These cookies would definitely be considered quintessential ‘health’ food by most people.
With ingredients like carob, buckwheat flour, and stevia, these may not be the most appealing at first glance…
..but I think they taste awesome and have some great nutritional attributes.
I grew up eating very healthy, so I’m used to all the treats associated with such a lifestyle, including foods like carob chips, Tiger Milk bars, and brown rice crispy bars (one of my old-time favorites!).
My older brother had to deal with his share of health issues, including asthma and multiple allergies, all of which lead to my mom investigating the big, wide world of alternative medicine.
Some of the wacky remedies and doctors I’ve seen would issue a giggle from the sternest of hippie health advocates.
Fascia massage, detoxifying foot baths, hyperbaric oxygen chambers, magnetic acupressure stickers, and applied kinesiology are just a handful of treatments that I’ve tried, none of which really ended up being my personal panacea.
The hyperbaric chambers were kind of fun though…you literally get into a submarine-type bed that is sealed and slowly becomes pressurized, as though you were going deep into the sea, and the clinic I used had a telly hooked up where I could watch some of my favorite flicks, including The Devil Wears Prada, so it wasn’t all bad.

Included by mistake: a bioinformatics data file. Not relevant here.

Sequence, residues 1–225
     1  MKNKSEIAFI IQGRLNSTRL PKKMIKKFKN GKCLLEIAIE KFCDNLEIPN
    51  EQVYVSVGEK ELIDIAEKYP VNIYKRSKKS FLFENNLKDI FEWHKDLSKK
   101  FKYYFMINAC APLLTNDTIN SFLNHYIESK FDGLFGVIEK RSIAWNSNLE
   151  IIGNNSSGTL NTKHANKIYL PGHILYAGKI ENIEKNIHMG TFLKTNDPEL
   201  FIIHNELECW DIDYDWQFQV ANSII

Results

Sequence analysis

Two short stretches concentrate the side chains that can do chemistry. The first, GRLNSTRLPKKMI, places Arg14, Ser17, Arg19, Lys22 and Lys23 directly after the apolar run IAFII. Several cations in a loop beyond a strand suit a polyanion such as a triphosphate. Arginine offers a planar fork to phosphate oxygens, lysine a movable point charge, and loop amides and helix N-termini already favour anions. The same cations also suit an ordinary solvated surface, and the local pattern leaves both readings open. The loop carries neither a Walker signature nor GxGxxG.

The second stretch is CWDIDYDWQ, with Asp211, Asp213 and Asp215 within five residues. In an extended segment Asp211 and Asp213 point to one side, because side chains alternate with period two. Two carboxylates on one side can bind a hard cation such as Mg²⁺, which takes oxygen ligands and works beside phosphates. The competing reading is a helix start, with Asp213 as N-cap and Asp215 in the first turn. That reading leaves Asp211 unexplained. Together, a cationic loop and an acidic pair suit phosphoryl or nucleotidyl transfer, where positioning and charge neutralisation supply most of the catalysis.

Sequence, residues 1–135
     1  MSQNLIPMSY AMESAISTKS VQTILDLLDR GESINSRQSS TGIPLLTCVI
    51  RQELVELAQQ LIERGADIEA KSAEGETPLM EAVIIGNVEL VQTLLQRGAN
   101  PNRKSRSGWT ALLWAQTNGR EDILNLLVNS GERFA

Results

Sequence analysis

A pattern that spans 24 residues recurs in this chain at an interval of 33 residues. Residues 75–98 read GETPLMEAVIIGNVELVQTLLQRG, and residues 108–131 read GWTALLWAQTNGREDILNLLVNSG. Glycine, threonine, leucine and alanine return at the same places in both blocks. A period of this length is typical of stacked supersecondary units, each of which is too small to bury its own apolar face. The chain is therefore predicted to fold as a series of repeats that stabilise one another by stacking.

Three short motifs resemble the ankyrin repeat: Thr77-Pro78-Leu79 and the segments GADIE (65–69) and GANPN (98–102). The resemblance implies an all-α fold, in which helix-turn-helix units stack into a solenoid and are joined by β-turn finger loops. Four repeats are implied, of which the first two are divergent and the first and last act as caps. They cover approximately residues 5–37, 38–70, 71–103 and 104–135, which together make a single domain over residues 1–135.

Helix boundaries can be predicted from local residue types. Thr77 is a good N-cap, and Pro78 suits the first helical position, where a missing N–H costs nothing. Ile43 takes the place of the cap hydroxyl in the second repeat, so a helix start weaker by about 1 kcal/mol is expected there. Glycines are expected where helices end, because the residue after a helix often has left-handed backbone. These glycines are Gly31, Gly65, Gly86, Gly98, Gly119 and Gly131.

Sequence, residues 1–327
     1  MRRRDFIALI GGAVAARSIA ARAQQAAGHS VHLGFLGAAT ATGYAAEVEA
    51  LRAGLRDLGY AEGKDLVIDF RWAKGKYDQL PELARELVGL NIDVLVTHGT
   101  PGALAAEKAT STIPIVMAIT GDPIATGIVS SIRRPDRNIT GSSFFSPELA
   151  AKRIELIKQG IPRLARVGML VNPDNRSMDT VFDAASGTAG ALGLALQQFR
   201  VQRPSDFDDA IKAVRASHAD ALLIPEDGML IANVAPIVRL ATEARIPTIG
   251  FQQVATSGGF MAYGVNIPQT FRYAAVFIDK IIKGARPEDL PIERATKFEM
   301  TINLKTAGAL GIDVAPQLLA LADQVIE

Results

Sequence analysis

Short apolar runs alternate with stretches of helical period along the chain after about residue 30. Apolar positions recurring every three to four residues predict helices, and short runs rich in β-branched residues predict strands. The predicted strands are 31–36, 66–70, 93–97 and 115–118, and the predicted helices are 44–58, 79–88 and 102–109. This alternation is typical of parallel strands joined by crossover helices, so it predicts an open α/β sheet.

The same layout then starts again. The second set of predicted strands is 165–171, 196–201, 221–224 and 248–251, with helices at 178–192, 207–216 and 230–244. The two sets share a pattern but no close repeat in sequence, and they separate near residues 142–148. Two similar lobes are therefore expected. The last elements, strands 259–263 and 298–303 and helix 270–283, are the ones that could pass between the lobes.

Of all the different therapies I’ve tried, I believe a healthy diet is at the core of well-being.
I recently picked up The Gerson Therapy in hopes of expanding my knowledge even more, and it’s one of the best books I’ve read in a while.
It’s always interesting to me when a doctor develops theories or protocols based on personal experience, which is exactly what Dr. Max Gerson did.
His protocol was originally created for migraines, but it has since expanded into various types of tuberculoses, cancer, and even less critical conditions like allergies, obviously the area of most interest to me.
Speaking of allergies, lets talk cookies! Aside from the peanut butter (which can easily be substituted with Sunbutter) these carob cookies are very allergy-friendly, in that they contain no gluten, grains (buckwheat is actually a seed!), dairy, butter, or eggs, AND (my favorite part) they’re incredibly low in sugar, thanks to the addition of stevia.
Despite what may seem like a formula for a blob of carob cardboard, these gems actually come out with a dense, fudgy consistency that’s hard to resist!
- ⅔ c. buckwheat flour (I grind my own from raw buckwheat groats; the dark variety doesn't work out as well)
- 5 T. carob powder
- 1 T. coconut sugar
- ¼ t. sea salt
- 2 (healthy) T. peanut butter (or Sunbutter)
- 2 T. applesauce
- ½ c. water
- 2 t. vanilla extract
- 20-25 drops liquid stevia, to taste
- Preheat the oven to 350 degrees.
- In a medium bowl, whisk the Sunbutter (or peanut butter), applesauce, water, vanilla, and stevia.
- Mix in the dry ingredients (flour, carob, sugar, and salt) until well combined.
- Dollop the dough (it will be thick) onto a parchment paper-lined baking sheet.
- Bake 13-15 minutes until tops are solid to touch.
- Cool and enjoy!
Adapted from this recipe
To make these totally sugar-free, eliminate the coconut sugar and add a few drops more stevia. I personally prefer stevia when it’s mixed with another granulated or liquid sweetener.
Have you ever tried any weird health treatments?